Internal and external correspondence regarding case F0063641

FOI request reference: CAS-66378-Q5P3T9
Publication date: February 2021

Request
I am pleased that you have provided a copy of the document but remain dismayed that it was ever subject to any limitation on is publication and am rather confused about the involvement of the department of Culture Media and Sport. Therefore, please take this as a further FOI request for all internal and external correspondence concerning the FOI request no. F0063641.

Outcome
Some information provided.

Response
All emails related to FOI request F0063431 have been compiled in the attached PDF.

We are unable to provide you with some of the information you have requested because it is covered by the exemption at section 31 of the FOI Act, which exempts information if its disclosure is likely to prejudice the prevention or detection of crime.

In addition, some of the information is covered by the exemption at section 40(2) of the FOIA. This exempts the release of personal information where the applicant is not the data subject.

EXPLANATORY ANNEX
Exemptions applied.

Section 31: Law Enforcement
We are unable to provide you with some information that reveals specific software brands because this information is exempt from disclosure under section 31 (1)(a) of the FOI Act. Section 31 (1)(a) exempts information if its disclosure is likely to prejudice the prevention or detection of crime.

Section 31 is a qualified exemption and we are required to conduct a public interest test when applying any qualified exemption. This means that after it has been decided that the exemption is engaged, the public interest in releasing the information must be considered. If the public interest in disclosing the information outweighs the public interest in withholding it then the exemption does not apply and the information must be released. In the FOI Act there is a presumption that information should be released unless there are compelling reasons to withhold it.

The public interest has now been concluded and the balance of the public interest has been found to fall in favour of withholding information covered by the section 31(1)(a) exemption. Considerations in favour of the release of the information included the principle that there is a public interest in transparency and accountability in disclosing information about government procedure and contracts. However, release of this information would make The National Archives more vulnerable to crime. The crime in question here would be a malicious attack on The National Archives’ computer systems. As such release of this information would be seen to prejudice the prevention or detection of crime by making The National Archives’ computer system more vulnerable to hacking.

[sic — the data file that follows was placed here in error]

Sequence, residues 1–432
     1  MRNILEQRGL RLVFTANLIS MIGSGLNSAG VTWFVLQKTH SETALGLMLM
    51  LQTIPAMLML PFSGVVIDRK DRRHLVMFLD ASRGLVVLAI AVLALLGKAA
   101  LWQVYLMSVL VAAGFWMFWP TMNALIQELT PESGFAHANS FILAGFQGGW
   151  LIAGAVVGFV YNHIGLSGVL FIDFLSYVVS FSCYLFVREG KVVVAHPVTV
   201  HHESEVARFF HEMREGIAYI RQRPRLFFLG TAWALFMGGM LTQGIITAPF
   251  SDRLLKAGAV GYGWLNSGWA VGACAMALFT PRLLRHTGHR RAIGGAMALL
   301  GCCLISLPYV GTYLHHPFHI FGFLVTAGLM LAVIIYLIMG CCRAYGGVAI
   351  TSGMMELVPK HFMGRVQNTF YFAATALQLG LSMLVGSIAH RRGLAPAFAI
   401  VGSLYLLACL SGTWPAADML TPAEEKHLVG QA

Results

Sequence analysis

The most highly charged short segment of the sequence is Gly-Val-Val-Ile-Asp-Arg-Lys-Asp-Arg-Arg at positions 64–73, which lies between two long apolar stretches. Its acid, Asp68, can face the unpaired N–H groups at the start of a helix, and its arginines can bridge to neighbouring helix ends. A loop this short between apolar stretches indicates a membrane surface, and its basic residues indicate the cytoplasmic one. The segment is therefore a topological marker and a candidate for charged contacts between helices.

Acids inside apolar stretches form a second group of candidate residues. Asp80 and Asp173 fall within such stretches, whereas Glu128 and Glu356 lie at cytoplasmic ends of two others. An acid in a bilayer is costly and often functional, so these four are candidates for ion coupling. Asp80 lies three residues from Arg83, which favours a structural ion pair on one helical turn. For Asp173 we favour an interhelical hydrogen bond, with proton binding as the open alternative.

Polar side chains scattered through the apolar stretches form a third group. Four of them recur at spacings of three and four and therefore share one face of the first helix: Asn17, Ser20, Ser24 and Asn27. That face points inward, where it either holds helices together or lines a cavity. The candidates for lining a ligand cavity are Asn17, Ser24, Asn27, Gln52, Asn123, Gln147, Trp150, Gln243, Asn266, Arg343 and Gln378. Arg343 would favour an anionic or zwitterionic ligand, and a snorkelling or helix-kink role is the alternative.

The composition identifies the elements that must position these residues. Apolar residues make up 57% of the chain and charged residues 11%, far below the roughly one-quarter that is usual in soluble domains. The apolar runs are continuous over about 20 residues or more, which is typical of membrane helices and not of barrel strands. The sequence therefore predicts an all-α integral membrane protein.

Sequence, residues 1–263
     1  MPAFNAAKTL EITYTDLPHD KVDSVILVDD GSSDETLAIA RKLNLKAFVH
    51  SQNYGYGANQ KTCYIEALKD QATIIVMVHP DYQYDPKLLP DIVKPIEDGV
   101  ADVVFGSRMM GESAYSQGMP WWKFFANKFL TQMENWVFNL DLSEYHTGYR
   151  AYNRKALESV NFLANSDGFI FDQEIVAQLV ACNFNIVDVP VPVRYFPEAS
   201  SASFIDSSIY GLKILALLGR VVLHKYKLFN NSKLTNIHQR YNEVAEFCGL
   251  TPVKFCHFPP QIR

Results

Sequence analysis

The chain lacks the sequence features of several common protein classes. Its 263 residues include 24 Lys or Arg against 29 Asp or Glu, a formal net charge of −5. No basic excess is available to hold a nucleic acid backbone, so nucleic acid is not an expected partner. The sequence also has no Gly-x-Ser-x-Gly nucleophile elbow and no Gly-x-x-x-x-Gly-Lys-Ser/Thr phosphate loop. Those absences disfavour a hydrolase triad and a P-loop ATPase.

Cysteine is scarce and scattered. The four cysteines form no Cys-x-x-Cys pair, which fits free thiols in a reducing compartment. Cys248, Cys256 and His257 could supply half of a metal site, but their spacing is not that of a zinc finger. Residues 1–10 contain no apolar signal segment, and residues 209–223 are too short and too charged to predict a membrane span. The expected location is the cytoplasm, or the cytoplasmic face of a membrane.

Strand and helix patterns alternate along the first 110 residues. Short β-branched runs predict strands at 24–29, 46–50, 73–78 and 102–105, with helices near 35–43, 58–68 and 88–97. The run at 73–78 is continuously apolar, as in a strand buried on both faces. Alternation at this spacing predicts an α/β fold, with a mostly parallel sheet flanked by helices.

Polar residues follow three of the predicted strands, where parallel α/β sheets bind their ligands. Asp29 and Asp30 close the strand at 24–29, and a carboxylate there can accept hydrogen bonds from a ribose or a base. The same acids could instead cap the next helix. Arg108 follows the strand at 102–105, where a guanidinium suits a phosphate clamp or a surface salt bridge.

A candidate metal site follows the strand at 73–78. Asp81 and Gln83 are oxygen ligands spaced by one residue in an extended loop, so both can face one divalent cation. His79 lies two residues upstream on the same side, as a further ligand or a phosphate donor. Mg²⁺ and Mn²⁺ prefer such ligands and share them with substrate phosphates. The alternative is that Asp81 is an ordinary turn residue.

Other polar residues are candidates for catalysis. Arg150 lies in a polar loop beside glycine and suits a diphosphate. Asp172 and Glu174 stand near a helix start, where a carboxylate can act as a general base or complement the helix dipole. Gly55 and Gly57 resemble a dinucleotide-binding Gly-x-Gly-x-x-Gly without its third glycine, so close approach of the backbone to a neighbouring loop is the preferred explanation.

There is an overwhelming public interest in keeping government computer systems secure which would be served by non-disclosure. This would outweigh any benefits of release. It has therefore been decided that the balance of the public interest lies clearly in favour of withholding the material on this occasion.

Further guidance on section 31 can be found here:
https://ico.org.uk/media/for-organisations/documents/1207/law-enforcement-foi-section-31.pdf

Section 40(2): Personal Information where the applicant is not the data subject
The Data Protection Legislation prevents personal information from release if it would be unfair or at odds with the reason why it was collected, or where the subject had officially served notice that releasing it would cause them damage or distress.

In this case the exemption applies because the information contains the identities and contact details of National Archives staff as well as colleagues from DCMS and the Metropolitan Police Service.

Further guidance on section 40 can be found here:
http://ico.org.uk/for_organisations/guidance_index/~/media/documents/library/Freedom_of_Information/Detailed_specialist_guides/personal-information-section-40-and-regulation-13-foia-and-eir-guidance.pdf